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05-03-2013 Post does not mapped to Knowledge Tree
Romy the Cat


Boston, MA
Posts 9,495
Joined on 05-28-2004

Post #: 1
Post ID: 19308
Reply to: 19308
Updated view: The Optimal Sample Rate for Quality Audio
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http://www.lavryengineering.com/pdfs/lavry-white-paper-the_optimal_sample_rate_for_quality_audio.pdf


"I wish I could score everything for horns." - Richard Wagner. "Our writing equipment takes part in the forming of our thoughts." - Friedrich Nietzsche
05-03-2013 Post does not mapped to Knowledge Tree
Paul S
San Diego, California, USA
Posts 2,130
Joined on 10-12-2006

Post #: 2
Post ID: 19309
Reply to: 19308
Digital Vs. Curves
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Very interesting.  I can easily understand the parts about adding distortion, however, I wonder about the "continuation of the curve" between sampling "points".  When it is explained to me, I "see" saw teeth rather than curves when the "time line" runs through the sampling points...

Paul S
05-04-2013 Post does not mapped to Knowledge Tree
rowuk


Germany
Posts 222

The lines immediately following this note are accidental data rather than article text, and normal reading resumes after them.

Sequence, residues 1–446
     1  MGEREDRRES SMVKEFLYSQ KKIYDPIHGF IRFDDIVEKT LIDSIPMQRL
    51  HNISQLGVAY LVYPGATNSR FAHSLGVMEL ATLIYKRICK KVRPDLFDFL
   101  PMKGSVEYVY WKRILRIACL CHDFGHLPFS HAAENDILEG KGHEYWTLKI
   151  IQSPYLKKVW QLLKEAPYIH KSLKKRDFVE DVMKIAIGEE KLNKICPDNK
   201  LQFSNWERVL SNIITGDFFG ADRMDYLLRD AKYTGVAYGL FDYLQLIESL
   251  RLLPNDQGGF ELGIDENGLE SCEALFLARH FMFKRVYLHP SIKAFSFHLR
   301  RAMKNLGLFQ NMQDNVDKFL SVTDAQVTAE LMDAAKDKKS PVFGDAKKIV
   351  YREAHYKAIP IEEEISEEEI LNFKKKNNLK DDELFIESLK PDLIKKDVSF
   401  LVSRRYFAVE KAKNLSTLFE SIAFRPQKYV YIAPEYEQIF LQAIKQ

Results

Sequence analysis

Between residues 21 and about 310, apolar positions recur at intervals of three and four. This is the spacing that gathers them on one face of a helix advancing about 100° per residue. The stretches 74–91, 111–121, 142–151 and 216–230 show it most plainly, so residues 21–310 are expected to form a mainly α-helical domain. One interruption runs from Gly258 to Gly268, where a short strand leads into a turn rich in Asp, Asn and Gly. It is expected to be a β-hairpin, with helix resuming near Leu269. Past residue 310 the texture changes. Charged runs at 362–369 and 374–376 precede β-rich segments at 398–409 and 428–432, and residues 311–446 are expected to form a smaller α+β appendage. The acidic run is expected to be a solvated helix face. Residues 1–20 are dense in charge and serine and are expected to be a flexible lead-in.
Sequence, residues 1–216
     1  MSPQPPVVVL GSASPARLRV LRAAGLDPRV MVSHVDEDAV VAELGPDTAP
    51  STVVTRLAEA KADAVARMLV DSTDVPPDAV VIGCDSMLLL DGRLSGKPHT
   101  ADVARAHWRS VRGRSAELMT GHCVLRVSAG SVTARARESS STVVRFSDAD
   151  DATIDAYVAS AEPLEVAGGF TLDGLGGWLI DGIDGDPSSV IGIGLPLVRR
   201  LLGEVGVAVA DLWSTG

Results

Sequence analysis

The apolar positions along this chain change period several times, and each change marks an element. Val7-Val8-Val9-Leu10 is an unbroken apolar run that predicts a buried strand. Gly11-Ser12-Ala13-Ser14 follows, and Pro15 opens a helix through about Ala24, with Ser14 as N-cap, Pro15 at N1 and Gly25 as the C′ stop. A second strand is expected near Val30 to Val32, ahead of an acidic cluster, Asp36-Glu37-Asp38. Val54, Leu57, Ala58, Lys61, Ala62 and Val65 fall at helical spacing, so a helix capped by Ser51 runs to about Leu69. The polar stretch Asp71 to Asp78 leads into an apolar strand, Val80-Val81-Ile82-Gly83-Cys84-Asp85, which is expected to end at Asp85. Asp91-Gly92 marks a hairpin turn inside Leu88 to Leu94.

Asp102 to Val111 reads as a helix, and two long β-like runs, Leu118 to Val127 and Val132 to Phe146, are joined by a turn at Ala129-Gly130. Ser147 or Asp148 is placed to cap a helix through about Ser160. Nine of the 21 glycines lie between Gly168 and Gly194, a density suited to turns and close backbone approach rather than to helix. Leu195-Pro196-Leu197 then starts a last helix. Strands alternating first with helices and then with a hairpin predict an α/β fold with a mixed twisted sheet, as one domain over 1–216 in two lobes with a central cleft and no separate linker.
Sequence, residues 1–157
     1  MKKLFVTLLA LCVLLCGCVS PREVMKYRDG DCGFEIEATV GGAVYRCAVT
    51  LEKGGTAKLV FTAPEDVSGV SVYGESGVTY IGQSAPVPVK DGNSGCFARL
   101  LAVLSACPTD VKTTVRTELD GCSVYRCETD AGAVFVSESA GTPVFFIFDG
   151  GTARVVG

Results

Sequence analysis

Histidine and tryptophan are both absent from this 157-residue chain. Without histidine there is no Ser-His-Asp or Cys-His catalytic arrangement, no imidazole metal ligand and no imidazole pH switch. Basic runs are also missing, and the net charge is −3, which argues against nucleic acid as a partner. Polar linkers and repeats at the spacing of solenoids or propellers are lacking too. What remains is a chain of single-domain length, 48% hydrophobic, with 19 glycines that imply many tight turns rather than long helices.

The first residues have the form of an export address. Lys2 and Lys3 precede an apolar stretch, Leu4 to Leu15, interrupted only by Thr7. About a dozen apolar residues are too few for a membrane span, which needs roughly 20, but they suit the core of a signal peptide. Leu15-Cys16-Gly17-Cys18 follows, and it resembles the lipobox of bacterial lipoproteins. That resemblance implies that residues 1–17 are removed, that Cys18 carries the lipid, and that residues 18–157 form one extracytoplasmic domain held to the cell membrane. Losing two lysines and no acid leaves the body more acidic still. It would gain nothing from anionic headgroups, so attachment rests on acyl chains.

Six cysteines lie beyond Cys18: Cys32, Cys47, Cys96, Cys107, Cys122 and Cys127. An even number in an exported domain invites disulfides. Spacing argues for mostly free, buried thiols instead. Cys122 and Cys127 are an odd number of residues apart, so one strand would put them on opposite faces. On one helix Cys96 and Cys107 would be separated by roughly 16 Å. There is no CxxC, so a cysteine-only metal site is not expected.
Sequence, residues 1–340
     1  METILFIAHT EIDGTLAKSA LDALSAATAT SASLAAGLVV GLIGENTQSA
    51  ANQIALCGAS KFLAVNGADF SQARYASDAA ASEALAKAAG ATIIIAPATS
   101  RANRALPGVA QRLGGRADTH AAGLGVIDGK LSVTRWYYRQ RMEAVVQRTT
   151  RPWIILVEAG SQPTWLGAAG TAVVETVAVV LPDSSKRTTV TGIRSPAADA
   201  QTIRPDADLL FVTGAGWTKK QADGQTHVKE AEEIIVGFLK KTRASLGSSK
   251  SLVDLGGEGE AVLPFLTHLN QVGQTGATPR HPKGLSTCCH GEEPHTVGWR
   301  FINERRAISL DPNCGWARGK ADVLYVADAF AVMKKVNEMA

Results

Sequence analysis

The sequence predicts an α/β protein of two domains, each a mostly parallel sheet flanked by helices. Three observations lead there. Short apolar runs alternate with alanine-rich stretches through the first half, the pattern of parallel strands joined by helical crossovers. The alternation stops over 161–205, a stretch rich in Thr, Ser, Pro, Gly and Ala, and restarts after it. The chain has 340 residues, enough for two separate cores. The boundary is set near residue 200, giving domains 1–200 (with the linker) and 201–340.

Joined on 07-05-2012

Post #: 3
Post ID: 19311
Reply to: 19308
“That's one small step for man… one… giant leap for mankind."
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I guess this is not really new. A well designed BMW V8 engine runs as smoothly and quietly as a V8, V10 or V12. Professional bike riders have a pace that gives them the optimum endurance and speed. Professional eaters pace their bites to get the "most" out of ingestion.

Anytime that we convert energy, there is a point of diminishing returns.

The only point where I would disagree with Mr. Lavry is about limiting bandwidth at the beginning. Every one of us has done something in their lives where we wished later that we had invested a "bit" more at the beginning. Musical events are generally unique. Capturing them should involve as much "foresight" as possible. On the other hand, maybe the secret of vintage high quality recordings was the limited bandwidth available through the entire process. Maybe, just maybe 20KHz is evil - even although it is audible........?

In any case, it probably still makes sense to design audio devices that exceed the frequency, dynamic and speed range absolutely necessary. The only question then is where does the bandwidth limiting belong? What shape should this limiting have? Romy likes FM - there we have a brick wall filter at 19KHz for the pilot tone. Tape recorders have a brick wall filter determined by the head gap size. Many professional mixing boards use transformers that also limit bandwidth. I do not know.


Whenever I feel blue, I start breathing again.
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